The Virtues of Re-Balancing a Portfolio
Remember that in year two the stock prices dropped back to their original value, meaning they were cut in half after doubling in year one. So, our $31,250 worth of stock dropped by $15,625. The other three assets were unchanged once again. With our portfolio having been rebalanced though, we are not back to where we started – we have a net gain of $9,375 for the two years. We gained $25,000 on our stocks the first year; then we “gave back” only $15,625 in year two, leaving us with a net profit.
The re-balancing, by itself, created a net return of 9.375% over two years compared to a zero return for buying and holding.
Setting up for year three, the portfolio now is worth $109,375. Twenty five percent of that is $27,344. Our stocks now are worth $15,625, which is less than $27,344. Each of the other three assets is now worth $31,625, which is more than $27,344. We now transfer $31,625 – $27,344, or $3,906, out of each of those other assets. This gives us $11,718 in cash with which we can buy more stocks and everything is equal once again. Rinse and repeat.
This example is very simplified. But the mathematical fact is that as long as the various assets in a portfolio change in value at different rates and as long as none of the assets ever becomes completely worthless, rebalancing adds to overall returns and always pays more than simply buying and holding the individual assets. As time passes and more up-and-down cycles occur, the difference between a rebalanced portfolio and one that is not rebalanced expands dramatically. This makes sense when we realize that re-balancing forces us to sell assets after they have risen in price and to buy them when they have dropped in price – in other words, to buy low and sell high.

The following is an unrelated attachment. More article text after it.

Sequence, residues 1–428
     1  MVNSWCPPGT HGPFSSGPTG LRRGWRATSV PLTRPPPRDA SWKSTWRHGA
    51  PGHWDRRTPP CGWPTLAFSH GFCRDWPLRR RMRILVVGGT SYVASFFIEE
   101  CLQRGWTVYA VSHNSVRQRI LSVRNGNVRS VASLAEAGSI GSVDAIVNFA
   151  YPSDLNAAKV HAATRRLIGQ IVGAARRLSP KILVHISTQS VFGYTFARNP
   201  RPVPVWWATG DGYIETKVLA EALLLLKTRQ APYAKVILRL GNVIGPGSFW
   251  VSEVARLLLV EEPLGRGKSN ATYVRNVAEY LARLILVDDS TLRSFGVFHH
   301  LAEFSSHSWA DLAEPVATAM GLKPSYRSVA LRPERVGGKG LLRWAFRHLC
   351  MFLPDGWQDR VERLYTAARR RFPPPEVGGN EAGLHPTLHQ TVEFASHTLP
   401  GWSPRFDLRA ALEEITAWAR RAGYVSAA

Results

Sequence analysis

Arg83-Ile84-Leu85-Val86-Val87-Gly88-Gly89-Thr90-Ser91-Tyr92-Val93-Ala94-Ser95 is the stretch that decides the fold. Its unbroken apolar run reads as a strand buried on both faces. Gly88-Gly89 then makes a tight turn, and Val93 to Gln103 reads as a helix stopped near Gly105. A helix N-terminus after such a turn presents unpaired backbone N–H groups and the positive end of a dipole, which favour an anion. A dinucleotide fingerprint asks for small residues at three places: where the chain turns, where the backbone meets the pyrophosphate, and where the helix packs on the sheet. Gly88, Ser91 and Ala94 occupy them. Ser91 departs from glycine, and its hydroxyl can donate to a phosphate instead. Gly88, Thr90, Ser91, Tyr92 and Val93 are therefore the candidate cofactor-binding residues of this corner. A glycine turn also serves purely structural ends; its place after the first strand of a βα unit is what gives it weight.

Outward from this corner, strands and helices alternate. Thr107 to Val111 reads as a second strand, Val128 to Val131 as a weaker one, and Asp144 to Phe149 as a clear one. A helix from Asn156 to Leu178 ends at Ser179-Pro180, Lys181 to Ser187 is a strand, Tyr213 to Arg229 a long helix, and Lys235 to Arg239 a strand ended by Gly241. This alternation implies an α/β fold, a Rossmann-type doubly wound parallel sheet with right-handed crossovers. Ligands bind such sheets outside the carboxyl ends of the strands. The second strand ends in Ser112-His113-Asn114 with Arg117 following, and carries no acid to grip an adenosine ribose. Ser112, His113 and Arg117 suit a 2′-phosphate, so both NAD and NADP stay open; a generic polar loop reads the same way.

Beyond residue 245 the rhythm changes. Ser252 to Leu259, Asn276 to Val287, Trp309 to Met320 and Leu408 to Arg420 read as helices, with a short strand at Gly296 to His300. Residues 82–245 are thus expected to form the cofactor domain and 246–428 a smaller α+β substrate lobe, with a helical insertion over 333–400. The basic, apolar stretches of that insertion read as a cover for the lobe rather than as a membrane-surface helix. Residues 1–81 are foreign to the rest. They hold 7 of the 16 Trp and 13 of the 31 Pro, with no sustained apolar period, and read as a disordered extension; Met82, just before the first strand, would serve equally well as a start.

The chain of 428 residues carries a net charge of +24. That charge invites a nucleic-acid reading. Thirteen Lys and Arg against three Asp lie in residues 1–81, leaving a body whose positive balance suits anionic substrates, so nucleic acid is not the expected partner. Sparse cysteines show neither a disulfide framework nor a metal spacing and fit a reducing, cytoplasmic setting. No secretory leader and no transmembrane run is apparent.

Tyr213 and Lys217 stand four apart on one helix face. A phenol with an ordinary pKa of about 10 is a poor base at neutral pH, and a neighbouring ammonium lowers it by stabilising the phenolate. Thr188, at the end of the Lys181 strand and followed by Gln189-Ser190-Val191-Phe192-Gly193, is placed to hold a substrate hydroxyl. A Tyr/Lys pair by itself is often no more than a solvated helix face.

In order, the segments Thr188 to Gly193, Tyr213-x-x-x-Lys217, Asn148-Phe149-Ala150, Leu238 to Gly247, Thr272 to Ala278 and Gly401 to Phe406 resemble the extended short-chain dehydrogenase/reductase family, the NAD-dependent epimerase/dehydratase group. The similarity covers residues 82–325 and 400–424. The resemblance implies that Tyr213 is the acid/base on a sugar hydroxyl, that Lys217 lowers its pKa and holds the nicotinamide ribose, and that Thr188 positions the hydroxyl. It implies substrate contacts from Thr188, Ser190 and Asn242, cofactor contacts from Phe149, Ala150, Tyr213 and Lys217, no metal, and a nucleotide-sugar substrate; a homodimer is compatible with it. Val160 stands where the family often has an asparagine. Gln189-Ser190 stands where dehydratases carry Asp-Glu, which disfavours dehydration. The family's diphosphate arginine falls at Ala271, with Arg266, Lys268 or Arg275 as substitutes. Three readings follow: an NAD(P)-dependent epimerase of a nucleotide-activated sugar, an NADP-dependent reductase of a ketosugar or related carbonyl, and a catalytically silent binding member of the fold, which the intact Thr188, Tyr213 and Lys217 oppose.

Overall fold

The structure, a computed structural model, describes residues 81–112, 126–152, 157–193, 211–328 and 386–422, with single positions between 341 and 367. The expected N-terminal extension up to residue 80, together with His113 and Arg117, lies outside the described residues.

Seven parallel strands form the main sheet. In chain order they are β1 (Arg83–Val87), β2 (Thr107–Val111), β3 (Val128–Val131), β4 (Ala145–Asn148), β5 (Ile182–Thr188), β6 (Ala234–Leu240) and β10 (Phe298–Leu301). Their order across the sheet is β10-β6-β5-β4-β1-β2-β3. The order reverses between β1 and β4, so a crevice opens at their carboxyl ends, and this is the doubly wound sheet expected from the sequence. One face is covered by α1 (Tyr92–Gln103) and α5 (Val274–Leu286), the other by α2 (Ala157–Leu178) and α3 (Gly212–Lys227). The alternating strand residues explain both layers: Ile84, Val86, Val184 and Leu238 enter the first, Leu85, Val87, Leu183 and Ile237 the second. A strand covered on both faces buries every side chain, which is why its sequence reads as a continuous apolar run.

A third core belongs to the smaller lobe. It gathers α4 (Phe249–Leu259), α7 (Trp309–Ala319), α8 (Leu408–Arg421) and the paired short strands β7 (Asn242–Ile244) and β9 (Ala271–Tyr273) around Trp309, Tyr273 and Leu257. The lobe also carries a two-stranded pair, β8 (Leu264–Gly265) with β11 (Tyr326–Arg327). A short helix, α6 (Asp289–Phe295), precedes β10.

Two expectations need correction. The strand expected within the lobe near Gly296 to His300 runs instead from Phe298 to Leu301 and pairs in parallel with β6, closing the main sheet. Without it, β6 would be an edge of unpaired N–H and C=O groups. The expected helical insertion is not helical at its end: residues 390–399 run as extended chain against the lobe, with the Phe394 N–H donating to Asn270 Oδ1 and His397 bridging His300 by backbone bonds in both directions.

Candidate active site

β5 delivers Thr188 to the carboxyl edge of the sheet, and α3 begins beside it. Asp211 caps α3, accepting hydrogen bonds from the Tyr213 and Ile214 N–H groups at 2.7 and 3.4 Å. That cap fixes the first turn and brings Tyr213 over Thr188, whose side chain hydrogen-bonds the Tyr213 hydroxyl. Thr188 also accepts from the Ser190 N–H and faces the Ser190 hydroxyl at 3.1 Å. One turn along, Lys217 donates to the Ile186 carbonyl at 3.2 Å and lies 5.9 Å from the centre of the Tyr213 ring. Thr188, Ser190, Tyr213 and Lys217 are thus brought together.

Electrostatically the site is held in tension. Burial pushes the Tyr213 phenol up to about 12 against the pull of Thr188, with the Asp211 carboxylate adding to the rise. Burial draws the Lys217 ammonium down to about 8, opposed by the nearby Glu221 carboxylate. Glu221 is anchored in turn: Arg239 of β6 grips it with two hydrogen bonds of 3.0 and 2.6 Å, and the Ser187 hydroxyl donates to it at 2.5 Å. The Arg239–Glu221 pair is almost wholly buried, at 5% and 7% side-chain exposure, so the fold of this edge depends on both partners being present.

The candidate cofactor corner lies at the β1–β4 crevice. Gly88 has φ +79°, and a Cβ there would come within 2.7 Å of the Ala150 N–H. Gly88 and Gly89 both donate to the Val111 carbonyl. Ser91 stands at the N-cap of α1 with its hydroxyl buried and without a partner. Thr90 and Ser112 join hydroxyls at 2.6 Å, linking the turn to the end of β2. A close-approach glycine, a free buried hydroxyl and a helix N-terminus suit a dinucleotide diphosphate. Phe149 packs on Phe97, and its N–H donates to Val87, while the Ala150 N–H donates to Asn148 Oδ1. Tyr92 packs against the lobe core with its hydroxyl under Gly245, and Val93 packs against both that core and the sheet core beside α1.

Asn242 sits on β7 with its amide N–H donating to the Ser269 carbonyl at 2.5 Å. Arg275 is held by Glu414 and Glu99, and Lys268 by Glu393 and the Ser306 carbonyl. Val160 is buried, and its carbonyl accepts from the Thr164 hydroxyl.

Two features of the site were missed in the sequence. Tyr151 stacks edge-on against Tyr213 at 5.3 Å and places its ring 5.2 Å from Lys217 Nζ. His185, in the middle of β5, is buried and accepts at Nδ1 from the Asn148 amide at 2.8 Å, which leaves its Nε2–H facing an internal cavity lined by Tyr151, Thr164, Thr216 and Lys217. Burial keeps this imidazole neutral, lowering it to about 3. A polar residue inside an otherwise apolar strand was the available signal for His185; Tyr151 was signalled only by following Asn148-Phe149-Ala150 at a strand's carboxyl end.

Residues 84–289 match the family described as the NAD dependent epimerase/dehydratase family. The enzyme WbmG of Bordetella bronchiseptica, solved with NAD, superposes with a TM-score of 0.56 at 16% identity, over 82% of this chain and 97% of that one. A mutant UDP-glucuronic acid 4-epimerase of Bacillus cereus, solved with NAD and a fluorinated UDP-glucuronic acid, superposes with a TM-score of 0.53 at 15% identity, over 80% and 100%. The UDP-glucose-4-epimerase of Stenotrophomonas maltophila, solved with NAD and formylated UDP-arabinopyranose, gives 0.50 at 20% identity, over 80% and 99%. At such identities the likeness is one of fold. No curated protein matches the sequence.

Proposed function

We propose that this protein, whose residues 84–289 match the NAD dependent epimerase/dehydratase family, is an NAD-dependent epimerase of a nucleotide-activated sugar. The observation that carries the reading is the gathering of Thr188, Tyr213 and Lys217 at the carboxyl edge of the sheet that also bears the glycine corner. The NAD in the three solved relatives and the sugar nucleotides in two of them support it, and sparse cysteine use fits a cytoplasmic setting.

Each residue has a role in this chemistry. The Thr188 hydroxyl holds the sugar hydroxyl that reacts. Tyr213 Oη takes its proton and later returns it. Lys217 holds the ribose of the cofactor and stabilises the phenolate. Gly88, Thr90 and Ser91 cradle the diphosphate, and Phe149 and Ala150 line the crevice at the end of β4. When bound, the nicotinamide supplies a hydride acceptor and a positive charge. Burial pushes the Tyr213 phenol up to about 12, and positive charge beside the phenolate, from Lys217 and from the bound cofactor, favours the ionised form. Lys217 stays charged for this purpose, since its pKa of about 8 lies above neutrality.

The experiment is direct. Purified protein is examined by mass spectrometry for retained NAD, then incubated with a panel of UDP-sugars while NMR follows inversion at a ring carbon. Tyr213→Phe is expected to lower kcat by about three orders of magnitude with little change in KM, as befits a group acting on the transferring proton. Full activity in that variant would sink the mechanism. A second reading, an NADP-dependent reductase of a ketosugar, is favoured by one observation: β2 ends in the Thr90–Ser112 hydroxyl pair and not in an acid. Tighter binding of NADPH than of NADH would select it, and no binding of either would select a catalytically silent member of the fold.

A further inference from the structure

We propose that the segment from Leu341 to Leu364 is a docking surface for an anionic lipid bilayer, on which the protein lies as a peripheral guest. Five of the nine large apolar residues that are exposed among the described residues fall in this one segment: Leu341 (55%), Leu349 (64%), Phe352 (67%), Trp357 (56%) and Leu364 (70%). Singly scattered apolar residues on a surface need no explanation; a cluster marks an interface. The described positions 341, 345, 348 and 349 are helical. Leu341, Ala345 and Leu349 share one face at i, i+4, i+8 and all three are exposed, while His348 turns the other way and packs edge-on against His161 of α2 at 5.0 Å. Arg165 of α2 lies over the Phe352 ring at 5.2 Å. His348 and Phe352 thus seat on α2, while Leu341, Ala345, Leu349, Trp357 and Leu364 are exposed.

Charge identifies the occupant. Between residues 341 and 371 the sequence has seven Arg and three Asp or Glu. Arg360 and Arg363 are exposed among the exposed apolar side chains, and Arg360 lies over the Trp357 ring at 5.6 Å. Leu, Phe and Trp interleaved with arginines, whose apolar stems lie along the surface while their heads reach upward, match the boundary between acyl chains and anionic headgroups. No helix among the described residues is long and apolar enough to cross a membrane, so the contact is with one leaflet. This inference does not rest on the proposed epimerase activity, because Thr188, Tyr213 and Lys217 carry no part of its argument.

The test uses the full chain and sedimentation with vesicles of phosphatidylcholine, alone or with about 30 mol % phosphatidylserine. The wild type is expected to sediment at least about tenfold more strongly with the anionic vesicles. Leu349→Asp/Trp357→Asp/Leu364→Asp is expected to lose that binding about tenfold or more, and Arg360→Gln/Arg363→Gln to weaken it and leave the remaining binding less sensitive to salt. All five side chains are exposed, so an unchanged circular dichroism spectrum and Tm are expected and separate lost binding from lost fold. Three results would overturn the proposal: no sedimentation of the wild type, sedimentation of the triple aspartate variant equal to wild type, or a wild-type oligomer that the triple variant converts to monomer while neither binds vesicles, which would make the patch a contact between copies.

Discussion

This idea of strategic asset allocation and rebalancing can be a cornerstone of a solid wealth-building strategy and with this as a base we can build a comprehensive plan.
Russ Allen can be contacted on this link: Russ Allen